BlogDigitisation & Mobilities
Digital Technology in the Daily Lives of Urban Refugees
Martin-Shields, Charles, Sonia Camacho, Rodrigo Taborda, and Constantin Ruhe. (2019) “Digitalisation in the lives of urban migrants: Evidence from Bogota.” DIE Discussion Paper 12/2019. Bonn, Germany.
Thus, digitalization simultaneously presents a set of new opportunities, as well as a series of reminders of the legal and political limitations refugees face. We explored the sociological and political dimensions of digitalization and refugeehood in KL through interviews with refugees, hearing their perspectives on how digitalization affected their lives in the city. An article on our research is forthcoming later this year.
Digital Lives in the City
The legal and policy environment creates a permanent level of uncertainty for refugees in Malaysia. There is no legal framework for refugees since Malaysia is not a signatory to the refugee convention, so in effect all refugees are irregular migrants in the eyes of the law. UNHCR has a country office that the Malaysian government essentially leaves all refugee issues to, and there are networks of NGOs that provide support, and digitalization is shaping new ways that communities self-organize to provide services and maximize their voices. In a city the size of KL, with communities spread across multiple suburbs, WhatsApp groups that are managed by community leaders are a key way refugees quickly share validated information. This has its limits though; the volume of need, especially from a legal perspective, placed on UNHCR far outstrips the resources available to help everyone. Indeed, the instantaneous nature of social media and internet-enabled communication can create expectations within urban communities that even the most focused international organization could never meet. While digitalization shrinks time and distance, it cannot change how many resources are available to meet everyone’s needs.
According to the UNHCR there are 153.8 thousand refugees (as of 2015) living in Malaysia and many of them live in the capital city Kuala Lumpur
While digitalization is not going to change the structural political factors that are barriers to refugee livelihoods, we heard interviewees talk about how critical the internet was to maintaining family networks and connections to home. Respondents described finding family members in KL who had been separated during the journey, linked up through Facebook and WhatsApp groups. One respondent explained that after crossing the Thai border with his family he was separated from them and forced into agricultural labor. They continued on to KL, but contact was lost and after months with no information they thought he was dead. Nearly a year later he arrived in KL and as he networked into the Myanmar Muslim community, he connected with people who knew his family and was reunited with them. The city is a dense hub of networks that magnifies the likelihood of connections – for refugees, digital networks can be the avenue by which someone effectively returns from the dead.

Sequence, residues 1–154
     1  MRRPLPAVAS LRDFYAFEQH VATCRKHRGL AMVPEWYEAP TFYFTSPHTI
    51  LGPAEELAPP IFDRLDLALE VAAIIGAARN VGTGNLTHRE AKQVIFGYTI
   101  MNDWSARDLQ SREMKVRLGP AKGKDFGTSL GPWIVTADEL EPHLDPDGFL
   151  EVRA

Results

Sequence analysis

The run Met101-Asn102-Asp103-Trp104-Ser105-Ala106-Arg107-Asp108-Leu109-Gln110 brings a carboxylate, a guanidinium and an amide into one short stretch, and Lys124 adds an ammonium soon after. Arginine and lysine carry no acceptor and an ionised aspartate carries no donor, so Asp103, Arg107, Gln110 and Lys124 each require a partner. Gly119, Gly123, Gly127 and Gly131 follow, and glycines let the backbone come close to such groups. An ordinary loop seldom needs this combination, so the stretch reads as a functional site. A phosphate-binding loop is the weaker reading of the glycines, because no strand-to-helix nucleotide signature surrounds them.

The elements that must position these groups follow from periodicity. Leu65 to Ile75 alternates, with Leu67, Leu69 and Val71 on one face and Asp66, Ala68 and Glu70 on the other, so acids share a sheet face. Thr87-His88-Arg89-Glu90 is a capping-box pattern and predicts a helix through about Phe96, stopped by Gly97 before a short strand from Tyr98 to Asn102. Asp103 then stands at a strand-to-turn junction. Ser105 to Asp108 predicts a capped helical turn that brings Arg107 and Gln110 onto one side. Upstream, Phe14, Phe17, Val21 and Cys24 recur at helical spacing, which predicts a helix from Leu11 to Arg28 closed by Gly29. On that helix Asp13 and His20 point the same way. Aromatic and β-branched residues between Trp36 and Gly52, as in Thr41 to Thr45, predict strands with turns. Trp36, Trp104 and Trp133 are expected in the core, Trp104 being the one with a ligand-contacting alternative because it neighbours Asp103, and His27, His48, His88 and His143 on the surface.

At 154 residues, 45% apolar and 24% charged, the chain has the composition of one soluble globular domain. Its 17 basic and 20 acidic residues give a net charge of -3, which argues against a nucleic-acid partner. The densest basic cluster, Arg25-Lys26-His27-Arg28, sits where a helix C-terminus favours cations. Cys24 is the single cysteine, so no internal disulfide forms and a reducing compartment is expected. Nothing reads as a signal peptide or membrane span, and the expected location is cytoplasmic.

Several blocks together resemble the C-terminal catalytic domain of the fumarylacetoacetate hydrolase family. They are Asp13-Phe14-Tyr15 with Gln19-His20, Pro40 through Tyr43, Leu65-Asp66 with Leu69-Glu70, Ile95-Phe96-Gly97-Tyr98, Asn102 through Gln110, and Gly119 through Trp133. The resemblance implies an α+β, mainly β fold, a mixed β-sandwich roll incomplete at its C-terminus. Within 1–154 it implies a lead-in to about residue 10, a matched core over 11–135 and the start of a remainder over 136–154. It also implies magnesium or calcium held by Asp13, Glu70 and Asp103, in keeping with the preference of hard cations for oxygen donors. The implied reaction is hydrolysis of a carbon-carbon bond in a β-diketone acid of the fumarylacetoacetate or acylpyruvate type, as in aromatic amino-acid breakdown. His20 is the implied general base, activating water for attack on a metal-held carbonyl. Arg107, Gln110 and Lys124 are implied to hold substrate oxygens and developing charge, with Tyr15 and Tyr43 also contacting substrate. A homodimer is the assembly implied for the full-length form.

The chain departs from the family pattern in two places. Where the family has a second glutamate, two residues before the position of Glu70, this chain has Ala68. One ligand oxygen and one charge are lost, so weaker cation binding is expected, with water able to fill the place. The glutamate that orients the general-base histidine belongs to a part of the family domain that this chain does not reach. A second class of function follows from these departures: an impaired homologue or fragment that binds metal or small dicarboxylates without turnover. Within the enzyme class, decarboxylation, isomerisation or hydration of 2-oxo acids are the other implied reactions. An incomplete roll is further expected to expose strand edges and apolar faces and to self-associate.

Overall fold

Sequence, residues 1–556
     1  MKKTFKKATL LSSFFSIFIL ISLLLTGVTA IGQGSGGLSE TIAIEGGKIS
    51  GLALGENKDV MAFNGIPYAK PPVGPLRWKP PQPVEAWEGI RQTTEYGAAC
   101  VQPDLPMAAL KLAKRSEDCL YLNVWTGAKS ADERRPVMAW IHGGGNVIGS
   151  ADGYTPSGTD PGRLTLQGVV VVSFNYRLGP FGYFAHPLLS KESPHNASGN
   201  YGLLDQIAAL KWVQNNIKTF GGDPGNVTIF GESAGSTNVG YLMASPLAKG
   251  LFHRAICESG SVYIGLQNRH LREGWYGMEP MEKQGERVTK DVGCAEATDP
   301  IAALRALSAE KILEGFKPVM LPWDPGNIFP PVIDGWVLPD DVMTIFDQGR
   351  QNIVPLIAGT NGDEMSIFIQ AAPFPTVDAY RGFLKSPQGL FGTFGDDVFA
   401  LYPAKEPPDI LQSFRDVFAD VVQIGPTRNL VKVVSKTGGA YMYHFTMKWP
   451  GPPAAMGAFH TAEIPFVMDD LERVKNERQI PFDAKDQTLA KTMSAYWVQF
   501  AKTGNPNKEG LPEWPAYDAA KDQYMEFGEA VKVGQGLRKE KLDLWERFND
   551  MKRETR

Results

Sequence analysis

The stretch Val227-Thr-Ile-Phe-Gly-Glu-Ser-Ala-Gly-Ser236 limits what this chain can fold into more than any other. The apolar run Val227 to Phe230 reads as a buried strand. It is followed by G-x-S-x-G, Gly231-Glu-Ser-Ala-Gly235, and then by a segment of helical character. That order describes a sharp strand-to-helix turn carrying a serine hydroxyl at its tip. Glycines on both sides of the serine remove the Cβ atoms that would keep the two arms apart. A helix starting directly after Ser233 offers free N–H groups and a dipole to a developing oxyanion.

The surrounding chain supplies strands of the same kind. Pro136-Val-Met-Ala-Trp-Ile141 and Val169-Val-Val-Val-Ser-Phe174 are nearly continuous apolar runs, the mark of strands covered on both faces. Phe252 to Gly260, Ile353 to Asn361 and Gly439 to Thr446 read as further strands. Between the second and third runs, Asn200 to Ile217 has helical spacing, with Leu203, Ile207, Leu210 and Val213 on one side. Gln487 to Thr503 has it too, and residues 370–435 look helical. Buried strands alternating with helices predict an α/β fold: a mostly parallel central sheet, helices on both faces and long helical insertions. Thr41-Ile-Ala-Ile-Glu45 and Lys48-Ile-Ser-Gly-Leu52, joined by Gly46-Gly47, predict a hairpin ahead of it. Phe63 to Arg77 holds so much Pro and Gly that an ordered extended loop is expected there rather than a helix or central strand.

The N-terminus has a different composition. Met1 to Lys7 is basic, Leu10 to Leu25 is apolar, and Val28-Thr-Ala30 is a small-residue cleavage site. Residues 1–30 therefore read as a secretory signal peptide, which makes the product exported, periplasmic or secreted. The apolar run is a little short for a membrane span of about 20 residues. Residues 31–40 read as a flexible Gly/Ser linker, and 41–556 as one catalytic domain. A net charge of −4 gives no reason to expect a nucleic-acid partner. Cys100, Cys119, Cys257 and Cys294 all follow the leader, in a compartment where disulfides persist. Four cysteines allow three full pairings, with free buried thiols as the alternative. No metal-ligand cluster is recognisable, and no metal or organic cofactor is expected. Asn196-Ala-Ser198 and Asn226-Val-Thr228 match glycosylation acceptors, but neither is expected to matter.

Passengers rushing through a train station in Kuala Lumpur for urban refugees quotidian mobility is limited
Putting it into Practice
So how do organizations that aim to help refugees get the most out of digitalization? In many ways, staying off of social media and chat channels can be key. Refugee communities are extraordinarily adaptive when using digital platforms to organize, but in many cases these channels can lead to an overload of information for a single organization, such as UNHCR. Instead, large organizations should focus on lowering the political and legal barriers to education, work, and social connections that refugees face, creating the space for refugees to fully engage digitally, and make the most of the cities they have adopted as home.
While digitalization shrinks time and distance, it cannot change how many resources are available to meet everyone’s needs.
Digitalization cannot break down the political and legal barriers that prevent refugees from leading fully engaged lives
Katrina is a migration law expert based in Bonn, Germany. She has worked on protection and refugee response for UNHCR in Malaysia and the Red Cross in Australia, and co-founded the organization Lighthouse Partnerships.
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